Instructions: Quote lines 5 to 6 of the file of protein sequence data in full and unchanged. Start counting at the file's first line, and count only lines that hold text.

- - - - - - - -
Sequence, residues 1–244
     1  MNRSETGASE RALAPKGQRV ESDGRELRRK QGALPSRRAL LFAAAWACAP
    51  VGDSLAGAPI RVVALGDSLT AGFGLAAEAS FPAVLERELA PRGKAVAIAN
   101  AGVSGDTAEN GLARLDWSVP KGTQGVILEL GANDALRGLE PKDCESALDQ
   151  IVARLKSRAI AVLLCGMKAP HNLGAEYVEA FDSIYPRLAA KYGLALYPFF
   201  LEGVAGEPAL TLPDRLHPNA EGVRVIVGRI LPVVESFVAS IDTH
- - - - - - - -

   151  IVARLKSRAI AVLLCGMKAP HNLGAEYVEA FDSIYPRLAA KYGLALYPFF
   201  LEGVAGEPAL TLPDRLHPNA EGVRVIVGRI LPVVESFVAS IDTH